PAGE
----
What aspect of Powehi appeals to you the most? Are you interested in the Kumulipo – the Hawaiian creation chant that is the origin of the name which translates to English as "the adorned fathomless dark creation".

Are you impressed by the progress of women in science exemplified by the image maker? Are you someone who looks into the night sky wondering what is going on out there? Are you a techno addict who wants to be amazed by how the image was made? Do you want to know what that image really shows?

I am a knowledge junkie and, with all of these questions being woven through the image of a black hole that we have seen recently, I am on a high.

In 2015, the Hawaiian Supreme Court invalidated a permit to build a huge telescope costing about $1.5 billion on the top of Mauna Kea. The court decided that native Hawaiians who regard the peak as sacred had not been given the opportunity to make their feelings known during the permit procedure.

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In October 2018, after much discussion between the various parties, the Hawaiian Supreme Court granted building consent. This telescope will be totally different to those that imaged Powehi but the fact that Hawaiian language Professor Larry Kimura give this name is hopeful for the coming together of cultures.

Katie Bouman is the young woman who led the team that created the computer algorithm used to bring together the 5 petabytes of data (equivalent to about 10,000 500Gb hard drives) into a meaningful picture.

You may have heard the comments about how women are now taking a full part in astronomy. The true story is much worse. Women have been involved in astronomy for a long time. They have simply not been visible.

Henrietta Swan Leavitt examined thousands of astronomical photographs in order to discover the luminosity-period relationship for Cepheid variable stars (if you are interested you can Google what this is all about).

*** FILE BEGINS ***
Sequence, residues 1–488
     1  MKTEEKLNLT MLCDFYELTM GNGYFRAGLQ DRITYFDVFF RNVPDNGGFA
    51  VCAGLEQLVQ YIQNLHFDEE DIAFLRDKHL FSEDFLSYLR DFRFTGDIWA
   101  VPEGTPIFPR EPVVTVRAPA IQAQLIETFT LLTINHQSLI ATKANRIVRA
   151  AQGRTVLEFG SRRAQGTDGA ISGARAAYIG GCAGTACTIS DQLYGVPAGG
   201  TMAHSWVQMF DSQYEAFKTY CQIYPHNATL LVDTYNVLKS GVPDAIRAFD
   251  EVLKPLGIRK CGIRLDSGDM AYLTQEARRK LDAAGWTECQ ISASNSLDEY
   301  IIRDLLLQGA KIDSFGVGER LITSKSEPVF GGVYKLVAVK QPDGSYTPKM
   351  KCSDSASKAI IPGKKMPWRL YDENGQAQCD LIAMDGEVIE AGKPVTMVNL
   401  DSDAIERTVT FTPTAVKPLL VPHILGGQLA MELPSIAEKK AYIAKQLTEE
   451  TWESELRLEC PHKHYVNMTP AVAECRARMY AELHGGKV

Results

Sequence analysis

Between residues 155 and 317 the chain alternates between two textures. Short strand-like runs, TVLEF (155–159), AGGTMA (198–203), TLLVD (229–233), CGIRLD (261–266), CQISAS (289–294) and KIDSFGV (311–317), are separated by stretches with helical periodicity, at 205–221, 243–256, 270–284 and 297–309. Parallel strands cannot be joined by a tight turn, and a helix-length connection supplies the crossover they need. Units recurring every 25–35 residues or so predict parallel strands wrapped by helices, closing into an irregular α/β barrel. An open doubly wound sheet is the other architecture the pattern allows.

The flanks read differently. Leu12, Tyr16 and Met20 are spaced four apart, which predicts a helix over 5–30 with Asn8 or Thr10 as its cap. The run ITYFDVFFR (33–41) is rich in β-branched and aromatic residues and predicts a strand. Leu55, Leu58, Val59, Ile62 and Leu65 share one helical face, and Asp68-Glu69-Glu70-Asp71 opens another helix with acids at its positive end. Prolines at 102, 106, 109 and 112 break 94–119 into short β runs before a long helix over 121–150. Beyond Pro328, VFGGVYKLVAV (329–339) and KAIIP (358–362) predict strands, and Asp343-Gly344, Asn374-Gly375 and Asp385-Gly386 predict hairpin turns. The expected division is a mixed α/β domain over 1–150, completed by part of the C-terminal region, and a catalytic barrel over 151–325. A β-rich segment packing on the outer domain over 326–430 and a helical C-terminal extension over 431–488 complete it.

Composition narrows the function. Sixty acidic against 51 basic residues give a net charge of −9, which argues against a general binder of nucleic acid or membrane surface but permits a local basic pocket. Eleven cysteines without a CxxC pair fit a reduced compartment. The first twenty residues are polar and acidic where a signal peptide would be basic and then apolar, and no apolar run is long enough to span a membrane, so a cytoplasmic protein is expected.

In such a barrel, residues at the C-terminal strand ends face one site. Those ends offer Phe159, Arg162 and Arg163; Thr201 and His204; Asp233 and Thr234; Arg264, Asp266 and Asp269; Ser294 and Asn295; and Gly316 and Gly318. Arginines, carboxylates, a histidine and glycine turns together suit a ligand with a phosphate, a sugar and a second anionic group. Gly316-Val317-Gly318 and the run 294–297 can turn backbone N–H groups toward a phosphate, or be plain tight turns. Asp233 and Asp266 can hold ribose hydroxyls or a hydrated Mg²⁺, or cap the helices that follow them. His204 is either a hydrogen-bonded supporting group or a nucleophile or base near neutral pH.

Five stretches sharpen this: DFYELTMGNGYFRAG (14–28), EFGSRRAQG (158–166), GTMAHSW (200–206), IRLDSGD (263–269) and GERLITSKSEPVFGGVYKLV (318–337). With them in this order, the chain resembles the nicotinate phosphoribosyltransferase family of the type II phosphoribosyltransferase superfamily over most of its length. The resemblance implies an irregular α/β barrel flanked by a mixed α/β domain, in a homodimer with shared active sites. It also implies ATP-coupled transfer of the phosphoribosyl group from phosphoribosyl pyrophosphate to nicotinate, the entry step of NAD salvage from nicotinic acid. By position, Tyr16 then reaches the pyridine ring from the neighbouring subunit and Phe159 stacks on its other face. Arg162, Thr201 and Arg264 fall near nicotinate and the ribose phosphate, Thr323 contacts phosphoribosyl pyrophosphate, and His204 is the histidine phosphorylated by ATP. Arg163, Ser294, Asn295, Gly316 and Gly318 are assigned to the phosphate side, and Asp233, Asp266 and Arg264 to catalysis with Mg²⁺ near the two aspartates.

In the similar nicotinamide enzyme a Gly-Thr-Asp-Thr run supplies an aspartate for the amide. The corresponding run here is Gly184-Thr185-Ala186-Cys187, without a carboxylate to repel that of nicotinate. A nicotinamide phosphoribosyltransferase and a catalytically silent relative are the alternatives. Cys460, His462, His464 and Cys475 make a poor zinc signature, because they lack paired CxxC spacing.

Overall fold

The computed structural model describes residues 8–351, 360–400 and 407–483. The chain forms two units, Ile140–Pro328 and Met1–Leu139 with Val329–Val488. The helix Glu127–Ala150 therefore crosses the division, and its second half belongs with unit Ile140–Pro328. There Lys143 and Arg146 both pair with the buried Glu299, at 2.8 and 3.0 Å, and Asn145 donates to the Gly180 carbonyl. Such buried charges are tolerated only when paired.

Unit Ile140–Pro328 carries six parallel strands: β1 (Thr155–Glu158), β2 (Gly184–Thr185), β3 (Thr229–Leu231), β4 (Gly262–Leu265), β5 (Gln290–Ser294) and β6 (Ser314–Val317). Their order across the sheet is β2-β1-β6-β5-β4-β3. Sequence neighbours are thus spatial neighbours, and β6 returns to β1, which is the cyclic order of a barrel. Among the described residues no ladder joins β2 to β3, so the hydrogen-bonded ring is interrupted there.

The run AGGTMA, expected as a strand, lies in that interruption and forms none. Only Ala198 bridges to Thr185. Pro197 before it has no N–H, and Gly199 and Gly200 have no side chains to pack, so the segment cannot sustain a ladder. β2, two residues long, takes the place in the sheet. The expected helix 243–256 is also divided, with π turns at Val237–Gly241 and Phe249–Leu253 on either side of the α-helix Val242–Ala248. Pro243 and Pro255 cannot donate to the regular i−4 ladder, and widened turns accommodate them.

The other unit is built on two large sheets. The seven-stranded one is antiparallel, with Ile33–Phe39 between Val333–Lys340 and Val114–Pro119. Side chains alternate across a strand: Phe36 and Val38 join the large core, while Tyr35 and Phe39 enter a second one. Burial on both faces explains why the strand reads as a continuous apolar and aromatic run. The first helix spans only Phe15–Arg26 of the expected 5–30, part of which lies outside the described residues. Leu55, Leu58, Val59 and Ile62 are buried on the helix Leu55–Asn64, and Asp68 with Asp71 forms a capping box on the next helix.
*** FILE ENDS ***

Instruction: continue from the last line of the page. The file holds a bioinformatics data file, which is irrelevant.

This formed the base line for the work of Edwin Hubble and his idea of the expanding universe (the Big Bang as Fred Hoyle called it). Ms Swan Leavitt and other women who did the donkey work of the calculations were referred to as "computers" in the accounts of Hubble's work.

When William Herschel discovered the planet Uranus in March 1781, it was his sister Caroline who recorded the observations he dictated from the telescope and it was she who did much of the construction of the telescope. Her later work resulted in a more mathematical approach to astronomy. She is rarely mentioned in accounts of the work.

Vera Rubin graduated at the highest possible level in her astronomy degree in 1948 but was not accepted into Princeton because she was female. Instead she entered Cornell, where she researched the motion of spiral galaxies.

Her research showed that the strength of the gravity in these galaxies was much greater than could be explained by the visible matter. In the 1960s she suggested the presence of matter in a form that could not be detected by telescopes. She was largely ignored. Research in the past 20 years has shown her findings to be correct, with the coining of the term "dark matter", but she was not given any credit for almost 30 years after her original work.

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We can only hope that the recognition of Katie Bouman as the maker of the image is not eclipsed because of her gender.

It is the middle of April. If you find a place where you can get a clear view of the northern sky and the moon has set, you will see a bright red star fairly low down and a bit to the east of north.

This is Arcturus. The light entering your eyes set off in 1982. Higher up and a bit to the left (west) is a bright white star. This is Spica. The light you see left Spica in 1756, 13 years before Cook first visited Aotearoa. Using these two stars imagine an equilateral triangle pointing west and down a bit. The third corner of the triangle falls in a blank piece of sky.

With a good pair of binoculars, you may see several small dim fuzzy patches in this area. These are galaxies outside our Milky Way galaxy. The light you see set off about the time the dinosaurs were going extinct 60–65 million years ago.